From Cassi Lee, touring pro, LPRT,
Accepting feedback from people is a part of life, and a part of competition. Here are some tips for handling negative or unsolicited feedback:
From your coach – Listen, take notes, and be active in the feedback process. If you have a question or don’t understand, then ask! That’s what they’re there for – to help you learn and improve! Remember that constructive criticism from a coach is meant to build you up in the long run and improve your game – take it as a learning opportunity!
Multiple coaches – Some players have more than one coach for different reasons (are on a team, and have a private coach, for example). Handling feedback from multiple coaches can be very difficult. Different coaches teach and coach in vastly different ways (“how” vs “what” is a good example). Athletes of multiple coaches will get mixed messages, and are sometimes left in the lurch trying to figure it out on their own. If possible, have one coach and stick with them. If that’s not entirely possible (there are situations where it isn’t), there should be one coach that you have worked with longer – pass the advice from the second coach by your preferred, or longer-time coach. Don’t try to go it alone. This should minimize the effect of mixed signals and keep your game going smoothly upward!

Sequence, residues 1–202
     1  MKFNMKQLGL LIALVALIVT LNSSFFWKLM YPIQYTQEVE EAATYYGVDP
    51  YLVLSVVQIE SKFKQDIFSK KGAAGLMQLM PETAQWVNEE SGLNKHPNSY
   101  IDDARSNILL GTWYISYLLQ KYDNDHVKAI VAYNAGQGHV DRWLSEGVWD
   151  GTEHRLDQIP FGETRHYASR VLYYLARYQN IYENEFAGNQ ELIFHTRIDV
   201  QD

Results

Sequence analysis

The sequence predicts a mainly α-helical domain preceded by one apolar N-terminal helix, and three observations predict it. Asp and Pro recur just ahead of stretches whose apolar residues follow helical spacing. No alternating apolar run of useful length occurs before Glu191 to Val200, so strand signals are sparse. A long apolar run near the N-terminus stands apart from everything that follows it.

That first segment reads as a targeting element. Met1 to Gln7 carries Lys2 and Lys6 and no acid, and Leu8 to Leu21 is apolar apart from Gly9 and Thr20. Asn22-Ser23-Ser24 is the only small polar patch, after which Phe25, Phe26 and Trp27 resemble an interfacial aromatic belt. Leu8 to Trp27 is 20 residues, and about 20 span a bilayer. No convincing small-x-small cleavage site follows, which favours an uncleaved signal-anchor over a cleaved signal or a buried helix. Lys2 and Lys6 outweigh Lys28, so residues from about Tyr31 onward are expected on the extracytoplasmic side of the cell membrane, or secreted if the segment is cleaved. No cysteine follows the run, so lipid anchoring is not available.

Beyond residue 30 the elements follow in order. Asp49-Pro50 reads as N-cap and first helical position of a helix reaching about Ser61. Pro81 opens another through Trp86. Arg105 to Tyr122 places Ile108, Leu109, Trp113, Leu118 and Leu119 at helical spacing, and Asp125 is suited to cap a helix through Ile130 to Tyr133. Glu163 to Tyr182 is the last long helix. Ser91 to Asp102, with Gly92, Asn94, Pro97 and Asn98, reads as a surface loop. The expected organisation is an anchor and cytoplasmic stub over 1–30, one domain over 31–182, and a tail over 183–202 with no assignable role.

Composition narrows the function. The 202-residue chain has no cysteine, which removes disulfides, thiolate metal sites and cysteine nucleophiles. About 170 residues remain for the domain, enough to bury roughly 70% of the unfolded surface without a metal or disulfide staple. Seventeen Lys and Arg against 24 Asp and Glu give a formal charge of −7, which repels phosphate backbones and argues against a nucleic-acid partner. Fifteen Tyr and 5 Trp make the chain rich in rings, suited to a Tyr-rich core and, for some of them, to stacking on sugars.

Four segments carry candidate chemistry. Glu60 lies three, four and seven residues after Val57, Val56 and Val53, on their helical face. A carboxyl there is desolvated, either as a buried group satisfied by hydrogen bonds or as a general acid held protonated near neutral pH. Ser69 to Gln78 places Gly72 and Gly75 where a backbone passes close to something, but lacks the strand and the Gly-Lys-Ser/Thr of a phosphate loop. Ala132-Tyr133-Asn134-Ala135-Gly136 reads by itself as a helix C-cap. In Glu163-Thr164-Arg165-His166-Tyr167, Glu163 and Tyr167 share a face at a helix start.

Unsolicited feedback from ever-so-helpful players – Someone comes up to you after a game (or worse, between games!), tells you what you can improve on, how to shoot better, or how to position better, etc. My advice? Nod, smile, thank them for their input, and take it with a large grain of salt. Pass it by your coach when you’re done playing if need be.
Someone asks if you would like their input – There are a few ways to respond to this. “I would love your advice when I’m done playing this weekend”, or “I’m already coached, but thank you” are a couple good ones. Remember they’re just trying to help, but your coach is the expert here.